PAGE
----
Saturday, March 29, 2008

War movie and rumors of war movie

America fights its wars on the battlefield and refights them in the movies. Two motion pictures — one at a theater near you right now, one that Hollywood is developing faster than usual — will take on the story of the war in Iraq, both the human consequences of America's being there and one of those responsible for our being there in the first place.

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In “Stop-Loss,” which opened on Friday, a decorated Iraq war veteran, Sgt. Brandon King (Ryan Phillippe), rotates back to his Texas hometown ready to start the process of decompression and return to his old life. But the U.S. Army calls him back to active service by invoking the military’s “stop-loss” policy, by which, according to the law itself, “the President may suspend any provision of law relating to promotion, retirement, or separation applicable to any member of the armed forces who the President determines is essential to the national security of the United States.”

King faces a conflict of loyalties — family or country? — as he challenges the redeployment back to a war he thought was personally over. The sergeant’s dilemma is symbolic of that faced by the thousands of American soldiers who have faced the stop-loss policy in real life.

While stop-loss has gained recent attention related to the war in Iraq, it’s a policy that’s been used before. Wikipedia reports that the practice was first significantly used just before and during the first Persian Gulf War, and was invoked during American military deployments to Somalia, Haiti, Bosnia and Kosovo in the 1990s, and after the Sept. 11, 2001 terrorist attacks.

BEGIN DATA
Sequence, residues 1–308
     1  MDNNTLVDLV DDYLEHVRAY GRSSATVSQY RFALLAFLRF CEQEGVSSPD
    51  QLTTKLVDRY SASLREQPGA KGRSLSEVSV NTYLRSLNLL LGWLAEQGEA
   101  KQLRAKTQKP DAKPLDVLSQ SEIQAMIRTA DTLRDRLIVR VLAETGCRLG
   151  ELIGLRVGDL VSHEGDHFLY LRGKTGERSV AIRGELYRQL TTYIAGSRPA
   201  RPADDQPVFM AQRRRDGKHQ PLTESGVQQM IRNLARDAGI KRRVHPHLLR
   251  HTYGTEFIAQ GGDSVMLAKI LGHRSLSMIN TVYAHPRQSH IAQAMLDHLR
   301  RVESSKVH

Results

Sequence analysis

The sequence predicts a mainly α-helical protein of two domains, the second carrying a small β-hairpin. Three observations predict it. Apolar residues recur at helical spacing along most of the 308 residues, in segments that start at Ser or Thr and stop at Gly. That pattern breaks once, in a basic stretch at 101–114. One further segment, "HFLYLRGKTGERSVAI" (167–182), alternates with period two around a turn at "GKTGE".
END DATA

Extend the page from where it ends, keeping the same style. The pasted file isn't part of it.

It’s anyone guess how “Stop-Loss” will ultimately be received. Initial reviews on Rotten Tomatoes have been 61 percent positive. In a review on the Internet Movie Database, E Canuck of Vancouver, Canada, called it “a ‘Deer Hunter’ for the Iraq war.”

“There is enough humanity, good drama and strong acting in this picture that it may deserve a place in the lineup of memorable or important American war films,” E Canuck said.

The film was directed by Kimberly Peirce, who helmed the powerful Oscar winner “Boys Don’t Cry” (1999), but there’s no absolute A-list actor powering its cast, and given the subject there’s likely to be as much attention paid to the film’s controversial premise as to the film itself.

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That won’t be the case for “W,” the film being developed by Oscar winner Oliver Stone, and currently fast-tracked for release before President Bush leaves office in January — possibly as soon as November. The film is described as a look at the “formative years” of George Bush and during his presidency, and the character traits that led Bush and his advisers to launch the war in Iraq.

Daily Variety reported March 26 that some of the film’s casting had been secured. Josh Brolin is rumored to have been cast in the role of President Bush, while James Cromwell has signed on to star as George H.W. Bush (#41). Ellen Burstyn will be Barbara Bush, mother of President Bush, and Elizabeth Banks, star of “The 40-Year-Old Virgin,” will portray first lady Laura Bush. Production is set to start in Shreveport, La., on April 21.